It seems as President Trump’s bipartisan win to lower surprise medical costs from emergency visits to hospitals is terrifying the Dems.
This is a very complicated subject with ‘in networks’ and ‘out of networks’ but to cut through the noise – American people are vulnerable when they are rushed to an emergency room – and certain industries are taking advantage of that.
Americans are getting screwed in big numbers and certain industries are laughing all the way to the bank. So the President and his administration got a deal to fix it and got bipartisan support.
But the swamp got to one key player Rep. Richard Neal, the chairman of the House Ways and Means Committee. He scuttled the deal and people are not happy.
“There is extreme frustration. This was the deal. It was vetted. It was signed off on. It was approved. The White House endorsed it,” said one House Republican aide. “That’s when you need to set aside egos and get on board. This was going to be a win for the American people.”
Buzzfeed reported that ultimately, the Senate Health Committee and the House Energy and Commerce Committee came to a compromise: Doctors cannot send surprise bills to patients, and insurance companies will pay out doctors at the average in-network rate for all bills up to $750. Above $750, the price goes to arbitration.
The deal was endorsed by Trump and seemed set to pass, but it was always on shaky ground. Senate Minority Leader Chuck Schumer, receiving pressure from the Greater New York Hospital Association, didn’t endorse the bill but also didn’t try to block it. Politicians in both parties had problems with the bill, but it seemed to have enough support.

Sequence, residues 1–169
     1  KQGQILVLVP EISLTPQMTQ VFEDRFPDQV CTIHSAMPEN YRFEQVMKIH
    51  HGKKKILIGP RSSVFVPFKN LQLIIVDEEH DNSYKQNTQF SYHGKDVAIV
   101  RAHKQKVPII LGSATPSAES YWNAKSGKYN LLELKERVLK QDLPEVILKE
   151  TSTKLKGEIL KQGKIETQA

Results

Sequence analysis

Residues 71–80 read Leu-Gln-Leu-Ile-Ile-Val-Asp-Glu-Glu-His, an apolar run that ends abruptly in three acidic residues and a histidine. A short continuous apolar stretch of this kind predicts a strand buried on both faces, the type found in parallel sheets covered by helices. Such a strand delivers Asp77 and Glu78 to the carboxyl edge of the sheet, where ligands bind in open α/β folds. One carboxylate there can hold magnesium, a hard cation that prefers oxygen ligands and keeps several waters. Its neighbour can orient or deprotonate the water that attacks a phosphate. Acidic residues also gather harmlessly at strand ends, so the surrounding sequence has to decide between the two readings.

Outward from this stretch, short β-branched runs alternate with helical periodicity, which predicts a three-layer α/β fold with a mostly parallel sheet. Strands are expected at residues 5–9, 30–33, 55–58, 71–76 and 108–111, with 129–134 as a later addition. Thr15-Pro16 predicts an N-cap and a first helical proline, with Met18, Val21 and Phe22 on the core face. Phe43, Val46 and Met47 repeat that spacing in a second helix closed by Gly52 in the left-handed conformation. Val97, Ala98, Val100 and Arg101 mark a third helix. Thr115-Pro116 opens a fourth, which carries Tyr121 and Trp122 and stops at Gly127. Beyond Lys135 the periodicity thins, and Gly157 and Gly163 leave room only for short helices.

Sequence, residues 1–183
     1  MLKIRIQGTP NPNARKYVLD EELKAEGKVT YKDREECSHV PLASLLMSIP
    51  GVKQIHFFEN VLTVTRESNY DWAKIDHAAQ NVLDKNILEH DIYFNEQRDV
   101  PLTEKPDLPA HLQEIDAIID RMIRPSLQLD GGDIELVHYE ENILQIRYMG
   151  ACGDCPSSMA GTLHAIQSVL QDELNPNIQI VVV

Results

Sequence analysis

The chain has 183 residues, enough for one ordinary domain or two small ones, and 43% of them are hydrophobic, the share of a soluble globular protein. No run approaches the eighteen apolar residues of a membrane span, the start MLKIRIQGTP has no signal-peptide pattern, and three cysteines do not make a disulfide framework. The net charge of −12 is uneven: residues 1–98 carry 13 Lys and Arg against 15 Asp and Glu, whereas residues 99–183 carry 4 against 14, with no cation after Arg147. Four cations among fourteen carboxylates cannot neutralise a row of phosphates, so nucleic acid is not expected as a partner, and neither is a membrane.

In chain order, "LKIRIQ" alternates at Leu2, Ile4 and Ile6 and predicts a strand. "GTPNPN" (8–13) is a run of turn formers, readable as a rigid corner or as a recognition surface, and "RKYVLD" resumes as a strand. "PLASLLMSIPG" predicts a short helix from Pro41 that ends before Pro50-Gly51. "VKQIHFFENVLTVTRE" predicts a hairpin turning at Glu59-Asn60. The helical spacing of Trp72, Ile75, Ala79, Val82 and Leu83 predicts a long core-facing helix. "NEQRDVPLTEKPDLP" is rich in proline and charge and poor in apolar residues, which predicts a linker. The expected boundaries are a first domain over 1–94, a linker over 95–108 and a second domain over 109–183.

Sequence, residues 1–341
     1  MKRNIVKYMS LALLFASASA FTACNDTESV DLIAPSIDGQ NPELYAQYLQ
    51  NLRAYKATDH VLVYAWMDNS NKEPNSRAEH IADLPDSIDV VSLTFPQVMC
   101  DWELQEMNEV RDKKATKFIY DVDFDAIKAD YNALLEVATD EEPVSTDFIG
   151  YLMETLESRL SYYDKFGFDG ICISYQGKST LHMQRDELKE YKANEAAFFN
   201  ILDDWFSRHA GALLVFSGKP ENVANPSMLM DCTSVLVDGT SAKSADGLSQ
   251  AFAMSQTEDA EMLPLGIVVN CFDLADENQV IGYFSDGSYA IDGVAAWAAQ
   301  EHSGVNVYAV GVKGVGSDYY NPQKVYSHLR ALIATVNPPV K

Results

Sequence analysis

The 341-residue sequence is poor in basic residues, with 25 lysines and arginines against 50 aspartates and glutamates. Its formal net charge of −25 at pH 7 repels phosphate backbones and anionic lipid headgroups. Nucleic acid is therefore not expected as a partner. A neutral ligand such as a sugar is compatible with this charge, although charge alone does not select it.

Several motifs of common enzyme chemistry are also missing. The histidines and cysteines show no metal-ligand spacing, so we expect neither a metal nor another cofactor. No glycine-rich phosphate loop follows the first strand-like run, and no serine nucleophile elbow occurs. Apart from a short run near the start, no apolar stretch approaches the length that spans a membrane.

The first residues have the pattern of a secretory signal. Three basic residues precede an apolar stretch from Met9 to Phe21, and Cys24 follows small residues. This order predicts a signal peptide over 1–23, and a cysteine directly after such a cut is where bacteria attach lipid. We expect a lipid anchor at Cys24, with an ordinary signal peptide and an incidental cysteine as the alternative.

Then, last week, Neal surprised everyone by releasing a counter proposal. Conversations with half a dozen politicians and aides across both parties and chambers with knowledge of the process concluded that the proposal from the Ways and Means Committee fractured the unsteady coalition and killed chances for surprise billing to be solved in 2019.
“That came out of the blue at the end,” said Rep. Greg Walden, ranking member of the House Energy and Commerce Committee. “When something like that happens, it gives others the excuse to go, ‘Oh look, they’re not ready.’”
Neal’s primary challenger, the mayor of Holyoke, Massachusetts, Alex Morse,alleges a different explanation. Morse accused Neal of being bought by a $29,000 donation from the Blackstone Group, a private equity owner of physician-staffing company TeamHealth, which profits from surprise billing.
“It’s evident who Congressman Neal is working for. He’s certainly not working for the people,” said Morse. Neal’s office didn’t immediately respond to a request for comment.